Short Fiction | ‘There is Sand in My Eye’ by Bhavyakirti Singh (18) | Student Writing

I live in a small city.

Not geographically, of course. My universe is not all that the light touches but just about what my eyes meet. You could say that it would not be much of a task for me to easily disappear in a somewhat upper-middle-class crowd. 

Having a comfortable life isn’t something that I’m ungrateful for, but I cannot help but wonder what changes the adventures of discomfort would bring about in me. Would I still be the way that I understand myself to be? Would I like the same things? This unending list of questions runs parallel with the scientific ‘nature v. nurture’ debate, for which I cannot and must not present my arguments, for it is only ridicule that will come my way if I choose to speak without knowing all the intricacies of this deeply philosophical debate. 

Realistically, ridicule would follow regardless. I could know the most about something, yet not everything; not enough to answer any fool who forces me into silence through repeated renditions of ‘why’ or ‘why not’. It is almost as if the title of Hannah Montana’s 2006 track ‘Nobody’s Perfect’ has finally started making sense to me. While being a self-proclaimed libertarian and intellectual, I must confess that my political ideology–as I understand a facet of it to mean ‘recognising imperfections’–sometimes really tires my mind. I feel like my contemporaries understand it to mean that we all have a positive imperative to criticise, for what imperfections will we embrace or accept if there aren’t any? Of course, anything perfect is divine, and therefore, we must refuse to believe in it.

This takes me back to a moment when I thought about a girl who studied in my school a couple of years ago. I had been scrolling through Instagram, a staple habit utilising one hand while the other reached out into and scooped dry granola from a dirt filmed bag. Repetition is good and I believe that it is healthy to stick to a carefully constructed, sustainable routine that incorporates all the bare essentials of survival while encouraging oneself to cultivate Mill’s greater pleasures.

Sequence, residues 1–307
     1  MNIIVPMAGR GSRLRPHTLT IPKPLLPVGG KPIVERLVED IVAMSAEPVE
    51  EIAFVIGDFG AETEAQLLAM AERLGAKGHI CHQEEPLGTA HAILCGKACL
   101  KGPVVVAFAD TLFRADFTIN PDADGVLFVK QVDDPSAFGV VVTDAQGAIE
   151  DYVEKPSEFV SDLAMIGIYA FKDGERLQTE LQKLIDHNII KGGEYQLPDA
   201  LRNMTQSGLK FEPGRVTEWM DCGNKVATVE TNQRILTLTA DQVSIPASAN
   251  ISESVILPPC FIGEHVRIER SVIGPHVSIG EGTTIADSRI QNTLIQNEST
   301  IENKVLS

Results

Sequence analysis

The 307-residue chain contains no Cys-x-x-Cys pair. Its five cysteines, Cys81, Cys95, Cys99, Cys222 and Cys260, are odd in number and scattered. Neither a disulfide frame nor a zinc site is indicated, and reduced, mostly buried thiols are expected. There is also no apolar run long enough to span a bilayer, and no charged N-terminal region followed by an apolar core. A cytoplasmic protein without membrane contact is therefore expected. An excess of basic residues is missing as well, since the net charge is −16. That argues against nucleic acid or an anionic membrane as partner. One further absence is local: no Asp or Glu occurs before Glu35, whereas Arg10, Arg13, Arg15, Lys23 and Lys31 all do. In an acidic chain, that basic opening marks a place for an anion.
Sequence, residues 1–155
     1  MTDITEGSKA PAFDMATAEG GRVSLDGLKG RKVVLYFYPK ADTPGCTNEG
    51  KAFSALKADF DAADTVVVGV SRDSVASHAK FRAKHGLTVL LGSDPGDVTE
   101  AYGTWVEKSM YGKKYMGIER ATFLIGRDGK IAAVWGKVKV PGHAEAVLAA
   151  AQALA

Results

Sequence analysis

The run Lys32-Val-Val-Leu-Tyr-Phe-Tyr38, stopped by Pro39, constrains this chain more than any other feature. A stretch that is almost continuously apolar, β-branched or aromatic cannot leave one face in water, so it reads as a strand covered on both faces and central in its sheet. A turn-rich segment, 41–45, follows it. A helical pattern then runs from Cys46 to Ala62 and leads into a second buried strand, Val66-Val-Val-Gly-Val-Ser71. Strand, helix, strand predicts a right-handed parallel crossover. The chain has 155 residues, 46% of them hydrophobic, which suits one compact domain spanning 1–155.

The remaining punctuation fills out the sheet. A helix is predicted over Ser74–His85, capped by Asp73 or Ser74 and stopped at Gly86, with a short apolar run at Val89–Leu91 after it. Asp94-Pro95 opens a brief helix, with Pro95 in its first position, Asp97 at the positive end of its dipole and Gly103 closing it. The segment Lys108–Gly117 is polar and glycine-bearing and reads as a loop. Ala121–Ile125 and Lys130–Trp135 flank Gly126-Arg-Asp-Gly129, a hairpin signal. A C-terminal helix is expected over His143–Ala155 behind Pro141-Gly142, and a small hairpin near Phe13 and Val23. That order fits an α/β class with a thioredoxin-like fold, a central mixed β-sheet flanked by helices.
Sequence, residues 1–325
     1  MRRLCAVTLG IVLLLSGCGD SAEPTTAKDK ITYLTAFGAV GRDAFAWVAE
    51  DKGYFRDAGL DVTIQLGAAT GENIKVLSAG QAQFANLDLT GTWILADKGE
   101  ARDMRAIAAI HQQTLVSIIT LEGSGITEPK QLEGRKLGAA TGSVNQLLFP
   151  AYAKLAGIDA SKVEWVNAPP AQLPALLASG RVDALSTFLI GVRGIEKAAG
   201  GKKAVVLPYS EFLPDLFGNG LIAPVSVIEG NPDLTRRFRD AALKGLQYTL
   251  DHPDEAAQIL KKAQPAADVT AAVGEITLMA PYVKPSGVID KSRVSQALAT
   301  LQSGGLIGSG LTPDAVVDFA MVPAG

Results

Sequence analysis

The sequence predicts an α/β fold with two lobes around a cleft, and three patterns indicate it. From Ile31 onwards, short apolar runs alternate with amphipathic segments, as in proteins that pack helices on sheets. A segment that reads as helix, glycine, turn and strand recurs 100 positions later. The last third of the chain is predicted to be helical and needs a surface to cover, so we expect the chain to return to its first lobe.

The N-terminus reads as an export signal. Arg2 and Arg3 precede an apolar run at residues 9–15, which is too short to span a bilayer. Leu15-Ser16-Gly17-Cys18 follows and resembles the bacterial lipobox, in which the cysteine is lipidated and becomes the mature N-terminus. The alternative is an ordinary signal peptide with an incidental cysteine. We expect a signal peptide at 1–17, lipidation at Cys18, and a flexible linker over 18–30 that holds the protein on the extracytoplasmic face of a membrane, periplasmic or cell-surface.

I believe that I am a somewhat observant person, tending to recollect irrelevant statements made by people in the past while staring blankly at a test or the gravel on the road during my walk back home. You might think that this revelation about my personality is unnecessary, but, in fact, you will soon discover that it is increasingly essential to the thought I had about that girl. 

Now, with partial concentration on social media, I came across a little “artsy feed” op-ed that she had written and posted. The long and the short of the matter was that she was (and according to my estimate, still is) an active dissenter of the current political establishment and strongly believed that Mussolini’s Fascism had been reborn in the East. To avoid any confusion, by using the term ‘active’, I refer to the green dot that appears under her profile picture in the “Direct Message” tab.